Anthropology, Department of


Date of this Version



RADIOCARBON, Vol 50, Nr 3, 2008, p 347–357


© 2008 by the Arizona Board of Regents on behalf of the University of Arizona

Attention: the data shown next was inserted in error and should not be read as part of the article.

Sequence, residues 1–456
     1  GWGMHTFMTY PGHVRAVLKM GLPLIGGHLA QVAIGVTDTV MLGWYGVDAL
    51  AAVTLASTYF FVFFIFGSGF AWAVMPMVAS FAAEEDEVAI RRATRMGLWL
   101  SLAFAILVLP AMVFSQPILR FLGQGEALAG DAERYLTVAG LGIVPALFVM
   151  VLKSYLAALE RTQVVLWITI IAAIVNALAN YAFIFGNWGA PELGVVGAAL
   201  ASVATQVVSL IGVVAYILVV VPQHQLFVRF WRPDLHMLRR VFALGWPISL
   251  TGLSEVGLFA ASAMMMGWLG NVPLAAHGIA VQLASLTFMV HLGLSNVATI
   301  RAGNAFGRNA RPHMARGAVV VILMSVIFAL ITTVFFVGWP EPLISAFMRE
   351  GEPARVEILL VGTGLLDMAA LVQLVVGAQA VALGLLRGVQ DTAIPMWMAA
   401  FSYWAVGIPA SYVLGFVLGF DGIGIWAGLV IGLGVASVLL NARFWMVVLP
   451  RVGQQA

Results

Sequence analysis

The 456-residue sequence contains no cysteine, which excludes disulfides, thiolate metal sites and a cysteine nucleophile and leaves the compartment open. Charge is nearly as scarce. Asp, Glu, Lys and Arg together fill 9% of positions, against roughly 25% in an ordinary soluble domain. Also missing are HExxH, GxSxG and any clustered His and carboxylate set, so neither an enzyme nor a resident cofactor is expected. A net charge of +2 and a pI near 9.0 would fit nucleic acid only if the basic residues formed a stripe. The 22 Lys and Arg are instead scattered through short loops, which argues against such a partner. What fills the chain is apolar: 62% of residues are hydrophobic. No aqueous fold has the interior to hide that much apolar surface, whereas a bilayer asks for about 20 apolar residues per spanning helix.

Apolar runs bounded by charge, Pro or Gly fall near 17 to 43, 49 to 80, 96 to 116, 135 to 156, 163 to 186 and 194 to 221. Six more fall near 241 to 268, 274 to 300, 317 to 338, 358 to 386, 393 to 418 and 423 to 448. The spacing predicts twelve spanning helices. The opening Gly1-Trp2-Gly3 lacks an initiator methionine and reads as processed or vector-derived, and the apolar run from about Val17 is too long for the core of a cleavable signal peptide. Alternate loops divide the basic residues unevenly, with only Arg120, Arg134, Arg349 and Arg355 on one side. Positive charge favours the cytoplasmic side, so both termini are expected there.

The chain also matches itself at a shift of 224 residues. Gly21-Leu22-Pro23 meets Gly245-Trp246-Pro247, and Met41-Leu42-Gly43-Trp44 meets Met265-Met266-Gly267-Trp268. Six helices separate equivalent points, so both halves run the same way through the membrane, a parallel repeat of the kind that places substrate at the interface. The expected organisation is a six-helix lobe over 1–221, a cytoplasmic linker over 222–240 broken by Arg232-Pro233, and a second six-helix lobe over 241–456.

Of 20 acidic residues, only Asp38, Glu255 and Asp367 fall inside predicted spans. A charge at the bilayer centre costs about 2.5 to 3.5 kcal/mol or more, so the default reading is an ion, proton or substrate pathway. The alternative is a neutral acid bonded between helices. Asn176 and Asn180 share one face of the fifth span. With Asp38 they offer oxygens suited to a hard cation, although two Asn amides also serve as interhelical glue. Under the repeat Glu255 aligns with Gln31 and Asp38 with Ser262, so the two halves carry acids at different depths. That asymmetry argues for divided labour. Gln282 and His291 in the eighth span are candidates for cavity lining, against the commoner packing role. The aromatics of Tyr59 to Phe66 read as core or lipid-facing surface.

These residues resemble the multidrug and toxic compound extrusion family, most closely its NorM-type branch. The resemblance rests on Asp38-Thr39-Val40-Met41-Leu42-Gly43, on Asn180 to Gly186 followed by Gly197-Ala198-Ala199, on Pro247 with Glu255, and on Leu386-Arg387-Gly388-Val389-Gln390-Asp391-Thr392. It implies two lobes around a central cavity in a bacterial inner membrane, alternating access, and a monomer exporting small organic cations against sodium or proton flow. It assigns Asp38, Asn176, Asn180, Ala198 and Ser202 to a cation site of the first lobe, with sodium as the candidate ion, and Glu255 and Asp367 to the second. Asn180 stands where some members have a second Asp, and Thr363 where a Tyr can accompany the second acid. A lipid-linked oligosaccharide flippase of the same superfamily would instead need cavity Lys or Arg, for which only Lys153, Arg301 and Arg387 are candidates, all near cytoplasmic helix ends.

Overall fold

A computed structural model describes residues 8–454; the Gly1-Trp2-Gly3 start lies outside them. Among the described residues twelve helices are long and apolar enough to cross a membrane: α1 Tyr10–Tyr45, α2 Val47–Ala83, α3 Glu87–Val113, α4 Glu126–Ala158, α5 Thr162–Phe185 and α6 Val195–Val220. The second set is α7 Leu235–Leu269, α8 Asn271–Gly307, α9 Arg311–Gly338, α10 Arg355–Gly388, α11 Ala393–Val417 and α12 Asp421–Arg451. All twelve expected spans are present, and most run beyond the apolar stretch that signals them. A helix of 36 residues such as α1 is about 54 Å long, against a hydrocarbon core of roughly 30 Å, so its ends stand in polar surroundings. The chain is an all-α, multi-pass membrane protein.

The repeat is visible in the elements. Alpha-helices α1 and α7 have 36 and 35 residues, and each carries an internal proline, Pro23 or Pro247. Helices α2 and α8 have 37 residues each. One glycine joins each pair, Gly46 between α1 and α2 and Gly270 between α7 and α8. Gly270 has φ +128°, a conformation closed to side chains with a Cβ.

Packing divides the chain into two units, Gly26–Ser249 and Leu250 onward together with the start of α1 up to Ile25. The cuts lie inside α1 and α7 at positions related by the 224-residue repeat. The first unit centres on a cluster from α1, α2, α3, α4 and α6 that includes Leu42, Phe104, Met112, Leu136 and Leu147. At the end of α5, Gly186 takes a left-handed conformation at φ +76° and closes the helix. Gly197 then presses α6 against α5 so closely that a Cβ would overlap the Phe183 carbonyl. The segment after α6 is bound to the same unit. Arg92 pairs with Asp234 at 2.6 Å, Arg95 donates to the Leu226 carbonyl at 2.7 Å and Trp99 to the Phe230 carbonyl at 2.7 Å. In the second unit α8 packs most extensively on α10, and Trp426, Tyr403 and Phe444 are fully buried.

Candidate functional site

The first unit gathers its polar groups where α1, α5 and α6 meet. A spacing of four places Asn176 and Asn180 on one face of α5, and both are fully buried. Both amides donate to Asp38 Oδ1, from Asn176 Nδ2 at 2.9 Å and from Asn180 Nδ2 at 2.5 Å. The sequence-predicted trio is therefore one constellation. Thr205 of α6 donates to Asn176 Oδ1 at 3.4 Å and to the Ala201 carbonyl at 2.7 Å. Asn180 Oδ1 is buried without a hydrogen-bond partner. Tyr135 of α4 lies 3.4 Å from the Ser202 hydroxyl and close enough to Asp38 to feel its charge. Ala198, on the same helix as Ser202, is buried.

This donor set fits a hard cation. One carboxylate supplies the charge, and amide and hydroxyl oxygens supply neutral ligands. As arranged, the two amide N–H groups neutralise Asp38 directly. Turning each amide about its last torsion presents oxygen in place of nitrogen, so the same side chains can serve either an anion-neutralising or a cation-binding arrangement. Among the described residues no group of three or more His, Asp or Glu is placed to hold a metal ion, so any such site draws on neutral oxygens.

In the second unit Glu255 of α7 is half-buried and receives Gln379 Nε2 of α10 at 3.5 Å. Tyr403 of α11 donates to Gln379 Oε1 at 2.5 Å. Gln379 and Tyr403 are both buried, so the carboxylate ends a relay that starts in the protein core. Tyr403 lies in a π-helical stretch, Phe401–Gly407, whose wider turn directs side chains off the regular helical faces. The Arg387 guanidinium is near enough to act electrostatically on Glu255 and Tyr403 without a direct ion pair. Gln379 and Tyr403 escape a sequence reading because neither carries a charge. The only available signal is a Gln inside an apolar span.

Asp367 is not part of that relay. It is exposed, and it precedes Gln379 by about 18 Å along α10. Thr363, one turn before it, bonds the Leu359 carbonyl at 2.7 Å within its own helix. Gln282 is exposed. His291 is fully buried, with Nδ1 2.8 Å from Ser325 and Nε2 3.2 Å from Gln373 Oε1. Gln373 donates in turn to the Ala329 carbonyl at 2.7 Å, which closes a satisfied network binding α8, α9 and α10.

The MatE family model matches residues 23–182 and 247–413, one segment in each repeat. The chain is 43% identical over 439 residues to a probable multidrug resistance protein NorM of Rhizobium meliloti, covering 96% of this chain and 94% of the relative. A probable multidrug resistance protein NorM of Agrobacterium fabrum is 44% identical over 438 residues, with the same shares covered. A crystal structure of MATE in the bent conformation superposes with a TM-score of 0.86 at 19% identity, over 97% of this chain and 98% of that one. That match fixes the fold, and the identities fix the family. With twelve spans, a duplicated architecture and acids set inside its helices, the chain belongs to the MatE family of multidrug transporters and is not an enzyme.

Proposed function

When ancient hearths at open archaeological sites do not yield carbonized annual plant remains or other highquality samples, wood charcoal is commonly used for radiocarbon dating. Sagebrush (Artemisia tridentata Nutt.), a shrub frequently used for fuel across much of the western United States, seems a potentially better candidate for 14C dating than tree wood since the possibility for significant age discrepancy might be less. A comparison of multiple assays from single features reveals that sagebrush can overestimate age more than even tree wood charcoal. A plausible cause of this appears to be persistence of the shrub on the ground surface for an extended interval after death, such that use as fuel almost invariably occurs hundreds of years after fixation of carbon. The potential for age discrepancy may decrease as population density increases because the demand for fuel wood would have resulted in a more rapid turnover of the fuel biomass. This is not true for Archaic period foragers of western North America when population levels were likely quite low and residential mobility quite high.